The cash register of the future, and that future is now, is designed to be both fixed and mobile at the same time — and that is a part of the evolution of POS into #NextGenPOS.
Traditional cash registers and PC-POS systems are almost as mobile as glaciers, and onewouldn’t think seriously about carrying them around. But once you have a POS system that is primarily made up of a Wi-Fi-connected mobile device, it is silly not to take advantage of the mobility of it and that is exactly what we are beginning to see.
I have always found the whole concept of the store counter a bit bizarre. Its existence stems from earlier times of market stalls and over-the-counter sales when theft was perhaps a bigger problem than today. The problem I have with the “counter” is that it almost acts like a psychological barrier between the customer and the retailer. Once a customer is standing in front of it, he has already made that important decision to buy something and the retailer certainly does not want to change that decision. Retailers spend a lot of money and effort in location, advertising and promotions in order to attract customers to their stores, and once they have managed to do that there is another massive effort within the store itself (design, layout, product selection, customer service etc.) to convert that customer-visit into a sale — so why on earth would anyone want to build a barrier, i.e. a counter, between that dedicated customer and the sale?!
To make things even worse, retailers put an even bigger barrier on top of the counter: a big, bulky cash register or PC-POS. In some stores it is actually hard to see the cashier at all, as they are hidden behind a wall of screens and (empty) plastics. It is almost as if to say to the customer: “are you really sure you want to go ahead with this purchase?”.
Checkout counters are often relatively large, even in small convenience stores, but for whose benefit: the customer’s or the retailer’s? Bagging, de-tagging and payment is important, but there are other ways of accomplishing them. Despite customers being used to this interaction, and cashiers likely finding this more comfortable, it is not necessarily best for business.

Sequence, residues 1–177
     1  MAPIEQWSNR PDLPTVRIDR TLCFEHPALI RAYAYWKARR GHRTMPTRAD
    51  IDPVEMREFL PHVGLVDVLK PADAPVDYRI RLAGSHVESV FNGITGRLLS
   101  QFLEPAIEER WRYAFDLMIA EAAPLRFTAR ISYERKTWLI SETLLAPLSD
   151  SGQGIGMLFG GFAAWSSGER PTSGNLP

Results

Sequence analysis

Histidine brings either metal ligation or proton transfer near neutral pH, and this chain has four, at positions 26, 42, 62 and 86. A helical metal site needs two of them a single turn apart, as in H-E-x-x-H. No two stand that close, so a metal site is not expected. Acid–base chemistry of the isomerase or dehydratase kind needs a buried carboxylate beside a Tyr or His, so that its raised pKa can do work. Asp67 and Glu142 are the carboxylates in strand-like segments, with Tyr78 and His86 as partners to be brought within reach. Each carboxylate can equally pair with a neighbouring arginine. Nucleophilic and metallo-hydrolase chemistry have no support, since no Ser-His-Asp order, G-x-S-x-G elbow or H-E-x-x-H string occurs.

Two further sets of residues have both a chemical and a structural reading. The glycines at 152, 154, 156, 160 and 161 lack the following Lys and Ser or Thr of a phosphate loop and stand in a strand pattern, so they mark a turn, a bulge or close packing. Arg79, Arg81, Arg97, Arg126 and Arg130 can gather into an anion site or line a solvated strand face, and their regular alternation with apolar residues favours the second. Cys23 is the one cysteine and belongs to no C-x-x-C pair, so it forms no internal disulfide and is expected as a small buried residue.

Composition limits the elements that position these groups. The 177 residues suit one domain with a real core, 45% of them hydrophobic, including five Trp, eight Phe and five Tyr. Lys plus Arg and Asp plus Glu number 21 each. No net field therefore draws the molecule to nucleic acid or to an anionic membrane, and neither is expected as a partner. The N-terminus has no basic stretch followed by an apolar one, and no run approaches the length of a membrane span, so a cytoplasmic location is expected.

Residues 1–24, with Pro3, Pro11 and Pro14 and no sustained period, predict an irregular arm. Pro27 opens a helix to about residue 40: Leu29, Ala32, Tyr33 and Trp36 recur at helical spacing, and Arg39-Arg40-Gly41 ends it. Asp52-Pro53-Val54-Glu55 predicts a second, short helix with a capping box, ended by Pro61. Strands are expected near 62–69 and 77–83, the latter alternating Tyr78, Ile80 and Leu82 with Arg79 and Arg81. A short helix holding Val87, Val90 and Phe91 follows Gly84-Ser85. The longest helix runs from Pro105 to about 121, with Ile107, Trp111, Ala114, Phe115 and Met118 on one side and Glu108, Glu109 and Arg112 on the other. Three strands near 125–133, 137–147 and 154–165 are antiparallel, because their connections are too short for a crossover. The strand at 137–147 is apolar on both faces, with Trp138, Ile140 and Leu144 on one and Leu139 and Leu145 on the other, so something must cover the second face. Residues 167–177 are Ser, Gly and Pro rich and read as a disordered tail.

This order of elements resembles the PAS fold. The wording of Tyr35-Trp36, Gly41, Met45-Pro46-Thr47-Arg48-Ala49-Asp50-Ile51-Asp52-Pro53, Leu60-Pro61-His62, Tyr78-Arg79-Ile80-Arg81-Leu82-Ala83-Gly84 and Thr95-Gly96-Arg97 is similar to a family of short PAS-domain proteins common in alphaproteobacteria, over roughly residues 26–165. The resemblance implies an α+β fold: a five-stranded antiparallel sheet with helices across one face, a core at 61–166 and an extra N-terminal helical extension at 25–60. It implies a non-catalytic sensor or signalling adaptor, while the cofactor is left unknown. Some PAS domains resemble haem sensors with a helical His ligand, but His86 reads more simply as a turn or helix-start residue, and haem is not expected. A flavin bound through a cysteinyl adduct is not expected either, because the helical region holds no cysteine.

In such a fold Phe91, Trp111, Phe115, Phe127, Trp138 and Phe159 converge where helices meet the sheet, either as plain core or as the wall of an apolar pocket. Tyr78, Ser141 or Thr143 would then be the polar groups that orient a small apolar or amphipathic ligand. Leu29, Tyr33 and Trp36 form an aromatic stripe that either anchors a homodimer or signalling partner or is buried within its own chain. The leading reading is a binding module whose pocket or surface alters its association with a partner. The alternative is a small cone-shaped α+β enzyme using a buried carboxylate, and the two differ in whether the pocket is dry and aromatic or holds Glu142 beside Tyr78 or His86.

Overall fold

One way to go about changing this is to have no fixed counters in the store, which is what Apple has famously deployed. Although it can sometimes be a little confusing and seemingly disorganised when their stores are busy, they probably do not experience many “walk-outs” due to long queues…as you don’t see them.
The ‘mobile POS vs fixed POS’ can work well when the processes are carefully planned. However, this is the case only in retail stores, where the customer’s basket consists of few items of high value as opposed to many items of low value (such as in a supermarket). For many merchants it might not make sense to only mobile counters, but they should consider combining both fixed and mobile checkouts.
Obtaining the ability to re-use the same system on the counter as well as on the shop floor can be very cost-effective. The technology is already available to achieve this. Yet, it is first and foremost the internal processes which must be well thought through. With NextGenPOS replacing so many traditional cash registers, I am sure we’re about to see much more of “advanced” checkout processes.